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  2. This is very interesting. Richard Lanham, in Analyzing Prose, talks about the difference between looking at and through language as a kind of switch – it’s either one way or the other, though one can toggle back and forth at various speeds. I find his whole discussion pretty compelling, but the switch idea doesn’t fit all that comfortably with my experience of the pleasure of seeing how a text works and the enjoyment of losing myself in a book. The relationship seems more complex than any speed of back-and-forth toggling. I wonder if your sense of the correlation between technical excellence and emotional power can help us tease out that complexity. Do you get lost in a book or piece of music differently after you’ve done the analysis that shows its technical excellence? Does the emotional power of a work rely on some of awareness of technical excellence?
    Also, this interesting exchange about reading aloud reminds me that when I read aloud to my daughter, I’m often more aware of the relationship between a sentence’s construction and its sense than when I read silently (though I do often pay more attention to one or the other).

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  3. A fascinating comment on a fascinating question. I don’t think I have Lanham’s toggling experience, though I’m not sure that I can know for sure. I wonder if he has been influenced by how we see the famous rabbit/duck image—it’s either a rabbit or a duck but never both at once (so say the psychologists). If I do toggle, the speed is so fast that I don’t notice it. Many people say that they can’t be aware of the technical stuff and also have the getting lost experience at the same time. Some people say that knowing the technical stuff actually gets in the way of the experience. I find that I have a deeper experience when I know the technical stuff. Same with music. People just differ. Whatever your manner of experience, it’s easy to imagine that must be everyone’s manner of experience, until you find out, perhaps with some shock, that it’s not so. I do know that I can be in the midst of crying over the fate of the heroine while I am busy diagramming the sentences. How about you? Do you analyze while you read? Does analysis get in the way of getting lost in the book?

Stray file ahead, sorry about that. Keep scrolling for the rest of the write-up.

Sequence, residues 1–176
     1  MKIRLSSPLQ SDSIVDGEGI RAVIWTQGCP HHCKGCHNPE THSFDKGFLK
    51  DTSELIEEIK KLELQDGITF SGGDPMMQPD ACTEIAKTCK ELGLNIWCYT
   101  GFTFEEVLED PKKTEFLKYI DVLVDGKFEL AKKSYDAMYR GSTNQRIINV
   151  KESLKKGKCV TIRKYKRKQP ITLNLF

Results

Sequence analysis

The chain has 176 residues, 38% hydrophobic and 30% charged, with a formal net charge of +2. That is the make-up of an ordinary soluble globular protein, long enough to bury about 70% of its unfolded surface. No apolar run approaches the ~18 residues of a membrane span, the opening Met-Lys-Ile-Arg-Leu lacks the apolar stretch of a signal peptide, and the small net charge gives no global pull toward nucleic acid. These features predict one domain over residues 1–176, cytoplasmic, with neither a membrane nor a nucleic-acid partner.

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    1. I can’t remember if Lanham mentions the duck/rabbit, but I wouldn’t be surprised if he did, or at least had it in mind. Which is at and which is through? I do analyze, or at least notice, some technical stuff while I read and generally find that it enhances my experience. It occurs to me that above, I associated getting lost in book with being emotionally involved in a fictional world. But I could also say that I get lost in a book when I am consciously choosing to focus on technical analysis. I wouldn’t say that these experiences are the same kind of getting lost in something but I don’t find them mutually exclusive. I probably think of it more as layers.
      I will also admit that it does not take technical excellence to make me cry! I mean, I’m sure that some of the people who make dog food commercials know what they’re doing more than others, but I’m not sure that my emotional response it attributable to their skill…

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  4. I had an interesting experience many years ago, when I was making my living as a classical guitar teacher. My general pedagogical practice was to introduce a little theory at a time. I had a student, a woman in her mid-forties, who had just finished the elementary book and was starting to play little pieces. I gave her a little minuet by Fernando Sor, and after she could play it pretty well, I went through an analysis of the piece with her. It was the first piece she had played that had any interesting structure, so it was the first piece I analyzed for her. It had a ternary structure, ABA, (8+8/8/8+8), but in the second A the melody was decorated, so the two A sections didn’t look or sound identical. After I finished my explanation I could see that she seemed a little upset. I asked her what the problem was, and she answered, “All the time I thought composers just wrote by inspiration.” Evidently I had shattered her illusions. I don’t doubt the importance of inspiration, but I also think that most good artists know they are doing. They may or not be able to verbally articulate that knowledge, but they know.

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  5. Maybe just as for some readers the experience of technical excellence and emotional power go together, for some writers knowing what they’re doing technically and being inspired go together. I’m no artist, but it can feel pretty great to figure out how to say what I want to say in a way that I like.